farmer may provide grain or molasses to compensate for lack of food
available but some green fodder is paramount to milk production. Hungry
cows will simply dry up and stop producing milk.
Free range is widely used in districts where vast areas of land are
available. The animals are allowed to roam the site with little or no
supervision by farmers. Some control is obtained by way of fencing.
The land area must be large enough to stock the number of animals and
must also be self sufficient in terms of water and feed. The carrying
capacity should not be exceeded. The carrying capacity of a pasture
refers to the number of animals which can be grazed on the pasture
during the grazing season.
When feed is overgrazed by the animals they should move onto another
area, either within the fenced zone or to another fenced area.
Hoofed animals and some fowl species are commonly free ranged. Birds
however may need to be confined some way to prevent flight. In this
case, or for flightless birds, care should be taken against predators.
Large Scale/Open Range Grazing
Farming properties in some arid or semi arid areas are extremely large,
measured in terms of square kilometres or miles, rather than acres or
hectares. It is often uneconomical to fence such properties into
Animals are usually stocked at low rates (ie. relatively few animals per
unit area), and animal husbandry operations are kept to a minimum.
Livestock may be rounded up (ie. mustered), periodically (maybe
annually), for veterinary treatments, marking or selling.
Mustering has traditionally been done on horseback (which is still
widely used), though motorised vehicles and even aircraft are now being
increasingly used to aid mustering on large properties.
If a farm has insufficient pasture to meet the needs of its animals, any
of the following techniques may be used as a supplement to grazing:
Animals may need supplementary feeding especially in times of drought or
flood. They placed into a confined holding paddock may also required
In some areas, animals may be brought under cover (e.g. in a barn) over
winter. This practice is more common in cold climates (e.g. northern
Europe). Animals which are particularly valuable may be stabled during
colder (or wet) weather.
When the available land is either too small for the head population of
the animals, or when drought or flood occur, it may be necessary to
consider agistment. Stock is taken to other properties where feed is
available. Agistment is only used when other possibilities become non
viable; given the cost involved, and the stress that transportation can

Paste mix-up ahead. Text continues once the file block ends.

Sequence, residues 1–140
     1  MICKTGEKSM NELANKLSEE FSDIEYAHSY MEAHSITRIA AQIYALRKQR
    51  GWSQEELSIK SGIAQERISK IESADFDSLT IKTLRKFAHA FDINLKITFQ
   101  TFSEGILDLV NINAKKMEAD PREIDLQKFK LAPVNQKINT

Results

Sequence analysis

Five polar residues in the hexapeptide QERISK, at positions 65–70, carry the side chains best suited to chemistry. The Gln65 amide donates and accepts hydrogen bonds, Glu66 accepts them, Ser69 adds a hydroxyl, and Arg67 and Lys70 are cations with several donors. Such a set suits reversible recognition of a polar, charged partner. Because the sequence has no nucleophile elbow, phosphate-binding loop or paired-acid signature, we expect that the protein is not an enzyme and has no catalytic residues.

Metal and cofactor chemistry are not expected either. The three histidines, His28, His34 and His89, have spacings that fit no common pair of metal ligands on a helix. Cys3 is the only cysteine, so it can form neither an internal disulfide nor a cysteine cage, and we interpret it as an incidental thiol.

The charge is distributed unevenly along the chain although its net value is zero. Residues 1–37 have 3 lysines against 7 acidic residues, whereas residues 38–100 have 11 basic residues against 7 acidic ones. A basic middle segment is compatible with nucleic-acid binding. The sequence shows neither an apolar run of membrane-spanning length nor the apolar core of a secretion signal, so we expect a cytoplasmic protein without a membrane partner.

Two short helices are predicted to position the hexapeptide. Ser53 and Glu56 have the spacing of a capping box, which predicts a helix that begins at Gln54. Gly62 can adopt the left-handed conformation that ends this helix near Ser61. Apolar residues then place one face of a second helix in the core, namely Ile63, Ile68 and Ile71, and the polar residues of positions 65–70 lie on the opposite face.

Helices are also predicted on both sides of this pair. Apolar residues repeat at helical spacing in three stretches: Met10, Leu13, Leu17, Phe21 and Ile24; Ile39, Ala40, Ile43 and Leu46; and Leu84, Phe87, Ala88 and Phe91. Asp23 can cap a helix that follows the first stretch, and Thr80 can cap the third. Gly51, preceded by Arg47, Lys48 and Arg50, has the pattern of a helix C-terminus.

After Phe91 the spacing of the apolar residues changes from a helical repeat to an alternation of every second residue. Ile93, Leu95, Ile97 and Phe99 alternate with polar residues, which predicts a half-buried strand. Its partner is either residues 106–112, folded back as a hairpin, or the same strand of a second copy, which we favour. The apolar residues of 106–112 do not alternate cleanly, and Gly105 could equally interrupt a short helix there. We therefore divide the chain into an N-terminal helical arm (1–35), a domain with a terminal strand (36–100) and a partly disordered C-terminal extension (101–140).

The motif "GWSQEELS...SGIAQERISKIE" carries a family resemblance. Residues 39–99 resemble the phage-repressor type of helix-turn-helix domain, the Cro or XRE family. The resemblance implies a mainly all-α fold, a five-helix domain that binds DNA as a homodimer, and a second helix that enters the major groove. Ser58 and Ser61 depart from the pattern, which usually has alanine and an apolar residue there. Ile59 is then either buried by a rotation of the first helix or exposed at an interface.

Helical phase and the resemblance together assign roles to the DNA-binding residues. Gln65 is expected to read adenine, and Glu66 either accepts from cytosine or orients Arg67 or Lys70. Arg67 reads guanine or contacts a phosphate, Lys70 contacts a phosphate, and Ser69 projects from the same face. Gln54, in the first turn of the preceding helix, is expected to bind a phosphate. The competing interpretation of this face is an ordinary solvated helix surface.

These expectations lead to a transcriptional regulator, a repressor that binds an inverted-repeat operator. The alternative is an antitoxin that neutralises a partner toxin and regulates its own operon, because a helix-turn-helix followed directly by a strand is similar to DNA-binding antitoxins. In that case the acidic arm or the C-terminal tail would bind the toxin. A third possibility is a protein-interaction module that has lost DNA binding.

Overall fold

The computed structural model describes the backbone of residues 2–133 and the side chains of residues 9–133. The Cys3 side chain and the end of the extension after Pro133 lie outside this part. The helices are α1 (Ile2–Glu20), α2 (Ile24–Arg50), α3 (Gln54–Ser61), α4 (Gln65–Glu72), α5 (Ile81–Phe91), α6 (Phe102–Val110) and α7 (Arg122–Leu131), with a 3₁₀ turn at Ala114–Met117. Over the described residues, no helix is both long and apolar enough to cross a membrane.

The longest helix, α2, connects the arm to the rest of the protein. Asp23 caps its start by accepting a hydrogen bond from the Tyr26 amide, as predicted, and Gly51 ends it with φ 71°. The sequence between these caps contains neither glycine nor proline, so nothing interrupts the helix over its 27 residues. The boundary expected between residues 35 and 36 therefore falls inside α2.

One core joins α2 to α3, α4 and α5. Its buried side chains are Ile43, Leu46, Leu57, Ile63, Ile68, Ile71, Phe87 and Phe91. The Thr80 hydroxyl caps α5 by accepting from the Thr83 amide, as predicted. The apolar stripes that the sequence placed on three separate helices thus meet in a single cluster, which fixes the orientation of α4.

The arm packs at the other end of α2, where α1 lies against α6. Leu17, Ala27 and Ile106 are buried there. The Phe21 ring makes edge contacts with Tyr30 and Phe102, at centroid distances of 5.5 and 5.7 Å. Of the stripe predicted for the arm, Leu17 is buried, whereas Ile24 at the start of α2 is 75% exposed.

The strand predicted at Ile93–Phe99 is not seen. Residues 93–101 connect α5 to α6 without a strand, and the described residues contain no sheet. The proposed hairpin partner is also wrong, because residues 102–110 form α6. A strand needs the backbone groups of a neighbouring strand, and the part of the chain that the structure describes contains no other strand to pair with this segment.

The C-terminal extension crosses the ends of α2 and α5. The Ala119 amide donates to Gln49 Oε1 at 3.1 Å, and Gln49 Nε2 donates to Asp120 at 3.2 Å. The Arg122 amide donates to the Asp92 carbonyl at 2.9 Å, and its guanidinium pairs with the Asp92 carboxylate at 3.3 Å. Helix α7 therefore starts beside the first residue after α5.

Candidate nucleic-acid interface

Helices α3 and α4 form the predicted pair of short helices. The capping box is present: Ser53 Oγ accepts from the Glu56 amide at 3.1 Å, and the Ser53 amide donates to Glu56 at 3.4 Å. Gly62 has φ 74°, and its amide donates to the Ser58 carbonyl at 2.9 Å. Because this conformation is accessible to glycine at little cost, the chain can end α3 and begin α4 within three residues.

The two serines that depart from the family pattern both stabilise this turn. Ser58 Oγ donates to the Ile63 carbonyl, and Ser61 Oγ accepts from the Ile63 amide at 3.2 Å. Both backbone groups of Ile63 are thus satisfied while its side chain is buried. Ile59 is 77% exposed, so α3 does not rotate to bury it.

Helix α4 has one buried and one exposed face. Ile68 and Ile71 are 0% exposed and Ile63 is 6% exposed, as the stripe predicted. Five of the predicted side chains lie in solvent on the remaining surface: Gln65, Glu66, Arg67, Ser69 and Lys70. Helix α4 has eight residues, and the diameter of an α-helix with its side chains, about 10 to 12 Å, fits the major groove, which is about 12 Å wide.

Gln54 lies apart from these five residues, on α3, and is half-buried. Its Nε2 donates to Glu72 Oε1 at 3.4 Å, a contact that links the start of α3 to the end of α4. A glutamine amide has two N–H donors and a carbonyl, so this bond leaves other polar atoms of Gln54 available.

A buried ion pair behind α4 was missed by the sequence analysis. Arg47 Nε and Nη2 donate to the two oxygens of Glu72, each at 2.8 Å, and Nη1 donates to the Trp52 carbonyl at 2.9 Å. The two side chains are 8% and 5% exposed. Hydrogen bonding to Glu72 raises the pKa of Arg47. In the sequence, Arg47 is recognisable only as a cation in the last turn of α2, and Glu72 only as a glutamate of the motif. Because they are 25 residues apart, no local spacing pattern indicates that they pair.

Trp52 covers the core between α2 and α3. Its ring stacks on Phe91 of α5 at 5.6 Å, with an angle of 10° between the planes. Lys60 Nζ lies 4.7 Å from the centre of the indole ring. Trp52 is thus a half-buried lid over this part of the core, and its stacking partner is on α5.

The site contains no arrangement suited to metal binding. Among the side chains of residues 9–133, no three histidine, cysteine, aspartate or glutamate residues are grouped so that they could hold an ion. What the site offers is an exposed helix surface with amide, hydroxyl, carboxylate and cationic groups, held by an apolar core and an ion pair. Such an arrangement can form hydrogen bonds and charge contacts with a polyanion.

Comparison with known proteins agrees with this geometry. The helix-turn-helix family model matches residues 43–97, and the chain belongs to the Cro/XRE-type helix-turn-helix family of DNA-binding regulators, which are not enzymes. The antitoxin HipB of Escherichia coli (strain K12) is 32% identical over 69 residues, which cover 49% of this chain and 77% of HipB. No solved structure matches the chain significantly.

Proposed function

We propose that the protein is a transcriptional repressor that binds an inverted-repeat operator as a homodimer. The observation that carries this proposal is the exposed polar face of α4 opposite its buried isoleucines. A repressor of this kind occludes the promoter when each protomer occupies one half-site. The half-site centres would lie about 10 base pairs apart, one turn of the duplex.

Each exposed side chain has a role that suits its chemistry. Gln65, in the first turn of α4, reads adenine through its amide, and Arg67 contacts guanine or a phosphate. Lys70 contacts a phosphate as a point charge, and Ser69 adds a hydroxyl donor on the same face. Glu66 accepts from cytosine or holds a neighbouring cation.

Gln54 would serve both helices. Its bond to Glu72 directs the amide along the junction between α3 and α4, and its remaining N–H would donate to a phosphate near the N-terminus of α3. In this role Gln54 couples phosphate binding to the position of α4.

Working with Animals in the Future
You can’t predict where the jobs of the future will be. Today’s world
is simply changing so fast. Technological, economic and cultural change
is reshaping the workplace every year.
There will however always be animals in the world and people will
continue to work with animals; as pets, as farm animals, and as
wildlife. The way in which we work with animals may well change; but
people who have knowledge and skills that relate to working with animals
should continue to find work.
How then Do You Forge a Career in an Unpredictable world?
Start by developing a good foundation, then become a part of change rather than a victim of change.
- The pet industry is continually reinventing itself, with new services and products.
- Advancements in agriculture are changing the way we farm animals.
- Cultural changes, such as attitudes to animal welfare, are changing how we interact with animals.
- Environmental and conservation pressures are changing the way we manage wildlife.
people are well connected with industry and society at large; and
sensitive to change. They become conscious of business or career
opportunities before others; and if they have the right attitude and
capabilities, they take advantage of the opportunities they see.
If you want a sustainable career working with animals (or anything
else for that matter), you should try and place yourself in that
To develop and improve your opportunities, you need to work on all of
the following things. Start with education; but don’t expect education
alone to guarantee a sustainable career. Those days are long gone!
Learning anything about animals provides a foundation for continued, life-long learning.
Learning can come from doing formal courses or informal in house
training within your job, training with an external agency, taking a
course and so on. If you understand their biology, psychology and
husbandry; you will be able to communicate with colleagues and
comprehend developments in industry as you progress through our career.
Without a foundation, everything can be harder to understand; and
opportunities in the future might go unnoticed.
Build up contacts in industry. Success often comes from not
just what you know but also who you know; just as much as what you know.
Join organisations, volunteering to get relevant experience with
animals. Attend meetings, seminars, conferences, and shows. Immerse
yourself in any relevant social media groups that deal with animals. Do
all these things; but balance them. Too much of one thing and neglect of
others, does not work. Other things matter too!
This course provides the foundation you need for a lifelong and sustainable career or business with animals.
Use our free career and study advice service.
Please call us on 01384 442752 or +44 (0)1384 442752 outside UK